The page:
Understanding 30/60/90K Maintenance
No matter what type of vehicle you happen to drive, the manufacturer has prescribed a regular maintenance schedule to keep your car or truck running at its best. This is commonly called factory scheduled maintenance, or 30/60/90K maintenance—so called because the usual schedule for these maintenance services is every 30,000 miles or so. Many drivers see this maintenance schedule as optional—after all, why take the car in if it's still running? However, this schedule is not simply a ploy to get you to spend money at the auto repair shop—it's important for the overall health of your vehicle and to avoid costly and avoidable auto repairs.
You should pay attention to your factory maintenance schedule for several important reasons:
- Your warranty may depend on it. Some manufacturers place such importance on 30/60/90K maintenance that not following the schedule could void your vehicle warranty.
- It can prevent small problems from becoming big ones. “An ounce of prevention is worth a pound of cure,” as the saying goes. Regular maintenance can identify possible problems early before they cause a breakdown or damage other parts, saving you possibly thousands of dollars down the road.
- It can prolong the life of your vehicle. Regular maintenance doesn't just keep your car running; it keeps it running efficiently, which translates to more miles over its lifetime.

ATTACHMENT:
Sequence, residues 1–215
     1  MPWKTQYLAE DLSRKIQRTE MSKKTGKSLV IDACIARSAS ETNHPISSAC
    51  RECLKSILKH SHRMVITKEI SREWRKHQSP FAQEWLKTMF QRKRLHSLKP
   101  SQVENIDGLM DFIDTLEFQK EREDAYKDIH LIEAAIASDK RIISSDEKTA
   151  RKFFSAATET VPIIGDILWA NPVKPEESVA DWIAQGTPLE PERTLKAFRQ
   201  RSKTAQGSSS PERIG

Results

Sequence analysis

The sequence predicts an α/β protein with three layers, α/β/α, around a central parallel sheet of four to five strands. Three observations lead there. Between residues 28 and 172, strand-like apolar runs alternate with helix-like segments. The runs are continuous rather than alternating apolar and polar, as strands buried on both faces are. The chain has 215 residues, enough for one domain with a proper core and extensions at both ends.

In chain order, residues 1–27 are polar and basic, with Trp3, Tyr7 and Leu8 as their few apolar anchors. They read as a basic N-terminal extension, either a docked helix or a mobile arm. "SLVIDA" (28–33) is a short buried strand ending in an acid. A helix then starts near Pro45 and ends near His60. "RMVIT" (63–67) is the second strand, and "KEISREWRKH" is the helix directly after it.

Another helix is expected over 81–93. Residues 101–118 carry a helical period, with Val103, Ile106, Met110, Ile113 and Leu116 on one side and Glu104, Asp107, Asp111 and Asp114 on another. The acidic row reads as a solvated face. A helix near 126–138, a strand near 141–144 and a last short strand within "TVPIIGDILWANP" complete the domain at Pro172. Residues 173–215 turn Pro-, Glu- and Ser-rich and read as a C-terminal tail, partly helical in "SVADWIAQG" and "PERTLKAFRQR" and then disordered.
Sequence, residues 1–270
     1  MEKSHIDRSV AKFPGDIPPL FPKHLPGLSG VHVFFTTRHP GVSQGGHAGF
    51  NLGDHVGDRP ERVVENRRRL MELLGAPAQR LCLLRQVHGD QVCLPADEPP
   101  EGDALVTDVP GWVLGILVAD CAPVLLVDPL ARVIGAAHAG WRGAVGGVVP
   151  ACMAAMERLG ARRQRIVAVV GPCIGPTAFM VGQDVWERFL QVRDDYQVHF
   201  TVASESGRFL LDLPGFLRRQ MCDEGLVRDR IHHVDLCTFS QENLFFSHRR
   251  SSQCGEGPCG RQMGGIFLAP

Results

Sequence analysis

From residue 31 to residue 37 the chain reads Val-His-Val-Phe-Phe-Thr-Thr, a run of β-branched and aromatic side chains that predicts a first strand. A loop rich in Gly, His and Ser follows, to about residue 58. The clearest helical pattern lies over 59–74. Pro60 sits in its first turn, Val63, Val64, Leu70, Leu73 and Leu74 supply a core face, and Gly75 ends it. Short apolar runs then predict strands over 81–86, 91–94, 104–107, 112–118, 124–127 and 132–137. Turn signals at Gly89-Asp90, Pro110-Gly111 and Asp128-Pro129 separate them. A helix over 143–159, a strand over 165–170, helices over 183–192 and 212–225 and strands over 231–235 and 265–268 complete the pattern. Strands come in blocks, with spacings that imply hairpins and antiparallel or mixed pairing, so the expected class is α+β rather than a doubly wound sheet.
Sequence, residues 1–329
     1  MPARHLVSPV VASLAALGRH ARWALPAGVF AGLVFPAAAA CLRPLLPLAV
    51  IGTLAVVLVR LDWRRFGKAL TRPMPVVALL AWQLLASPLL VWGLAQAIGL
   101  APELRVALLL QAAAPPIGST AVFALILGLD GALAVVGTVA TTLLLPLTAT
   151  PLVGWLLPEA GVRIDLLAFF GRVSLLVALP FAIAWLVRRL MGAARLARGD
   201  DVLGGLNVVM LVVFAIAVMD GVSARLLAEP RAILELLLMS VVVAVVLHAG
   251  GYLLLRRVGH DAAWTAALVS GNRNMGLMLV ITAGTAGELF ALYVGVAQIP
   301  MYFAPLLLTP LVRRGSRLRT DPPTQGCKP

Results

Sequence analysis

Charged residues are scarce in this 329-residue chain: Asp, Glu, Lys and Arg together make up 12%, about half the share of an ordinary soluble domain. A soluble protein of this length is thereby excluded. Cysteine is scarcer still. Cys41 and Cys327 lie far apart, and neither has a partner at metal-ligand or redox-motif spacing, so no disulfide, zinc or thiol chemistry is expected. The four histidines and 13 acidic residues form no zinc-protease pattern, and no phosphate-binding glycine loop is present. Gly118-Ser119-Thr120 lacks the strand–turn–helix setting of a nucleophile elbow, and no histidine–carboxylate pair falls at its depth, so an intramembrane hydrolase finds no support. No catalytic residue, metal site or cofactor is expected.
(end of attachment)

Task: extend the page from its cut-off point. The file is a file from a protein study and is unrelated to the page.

- It helps retain your car's value. If you ever sell the vehicle, you'll sell it for more if it has been kept in good shape.
What does the maintenance involve?
Typically, the first step in 30/60/90K maintenance is to inspect the vehicle's major systems for signs of problems, followed by any of the following maintenance procedures as needed:
- Replacing spark plugs and/or plug wires
- Replacing filters
- Checking fluids (brake, coolant, transmission, etc.) and topping off or replacing fluids
- Tire rotation and pressure check
- Oil change
- Timing belt inspection
- Brake servicing
During proper maintenance, a trustworthy mechanic will notify you of any potential problems, but won't replace parts that don't need replacing (part of what saves you money during maintenance). As a rule of thumb, the higher the mileage on the car, the more likely parts will need to be replaced. (The timing belt is usually changed at 90,000-100,000 miles, for example.)
Does the dealership have to perform the maintenance?
While factory scheduled maintenance may be required as part of your warranty, that doesn't mean the dealership has to do the maintenance, although they like to make it seem that way. Your warranty will remain intact as long as you have the service performed by a certified auto repair specialist. In this way, you can receive quality service while avoiding the premium rates charged by the dealership service department.
For top quality auto maintenance and repair in Mountain View and Palo Alto (including 30/60/90K factory maintenance) The Car Doctor offers unmatched five-star customer service at affordable rates, backed by a 12-month/12,000 mile warranty on qualified repairs; they can be reached at (650) 492-6853 for a free quote—and be sure to check their online specials for even more savings.
The Car Doctor Blog
Written and Published By MORBiZ
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